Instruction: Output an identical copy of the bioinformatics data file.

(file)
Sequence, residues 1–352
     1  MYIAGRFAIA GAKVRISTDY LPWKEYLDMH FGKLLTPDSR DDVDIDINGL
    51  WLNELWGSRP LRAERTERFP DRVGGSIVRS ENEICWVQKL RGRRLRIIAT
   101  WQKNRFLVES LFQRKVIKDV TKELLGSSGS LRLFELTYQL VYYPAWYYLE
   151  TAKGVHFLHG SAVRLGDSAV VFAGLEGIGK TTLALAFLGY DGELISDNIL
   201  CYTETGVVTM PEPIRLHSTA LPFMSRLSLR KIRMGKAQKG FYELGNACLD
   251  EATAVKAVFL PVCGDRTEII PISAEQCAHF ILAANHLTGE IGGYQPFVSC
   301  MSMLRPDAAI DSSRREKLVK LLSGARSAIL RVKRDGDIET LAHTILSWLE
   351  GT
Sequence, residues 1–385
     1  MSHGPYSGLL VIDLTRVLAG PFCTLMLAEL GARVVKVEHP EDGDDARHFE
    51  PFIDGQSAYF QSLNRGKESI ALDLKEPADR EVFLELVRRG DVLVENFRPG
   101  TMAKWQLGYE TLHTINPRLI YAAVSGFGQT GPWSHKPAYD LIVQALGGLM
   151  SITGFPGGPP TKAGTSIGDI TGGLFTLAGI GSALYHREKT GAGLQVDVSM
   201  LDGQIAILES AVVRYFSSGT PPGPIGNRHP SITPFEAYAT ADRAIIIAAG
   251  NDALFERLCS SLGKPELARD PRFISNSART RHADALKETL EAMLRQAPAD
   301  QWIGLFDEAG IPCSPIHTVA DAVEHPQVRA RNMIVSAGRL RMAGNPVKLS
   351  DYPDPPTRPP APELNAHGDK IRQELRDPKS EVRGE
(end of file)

Sequence, residues 1–352
     1  MYIAGRFAIA GAKVRISTDY LPWKEYLDMH FGKLLTPDSR DDVDIDINGL
    51  WLNELWGSRP LRAERTERFP DRVGGSIVRS ENEICWVQKL RGRRLRIIAT
   101  WQKNRFLVES LFQRKVIKDV TKELLGSSGS LRLFELTYQL VYYPAWYYLE
   151  TAKGVHFLHG SAVRLGDSAV VFAGLEGIGK TTLALAFLGY DGELISDNIL
   201  CYTETGVVTM PEPIRLHSTA LPFMSRLSLR KIRMGKAQKG FYELGNACLD
   251  EATAVKAVFL PVCGDRTEII PISAEQCAHF ILAANHLTGE IGGYQPFVSC
   301  MSMLRPDAAI DSSRREKLVK LLSGARSAIL RVKRDGDIET LAHTILSWLE
   351  GT
Sequence, residues 1–385
     1  MSHGPYSGLL VIDLTRVLAG PFCTLMLAEL GARVVKVEHP EDGDDARHFE
    51  PFIDGQSAYF QSLNRGKESI ALDLKEPADR EVFLELVRRG DVLVENFRPG
   101  TMAKWQLGYE TLHTINPRLI YAAVSGFGQT GPWSHKPAYD LIVQALGGLM
   151  SITGFPGGPP TKAGTSIGDI TGGLFTLAGI GSALYHREKT GAGLQVDVSM
   201  LDGQIAILES AVVRYFSSGT PPGPIGNRHP SITPFEAYAT ADRAIIIAAG
   251  NDALFERLCS SLGKPELARD PRFISNSART RHADALKETL EAMLRQAPAD
   301  QWIGLFDEAG IPCSPIHTVA DAVEHPQVRA RNMIVSAGRL RMAGNPVKLS
   351  DYPDPPTRPP APELNAHGDK IRQELRDPKS EVRGE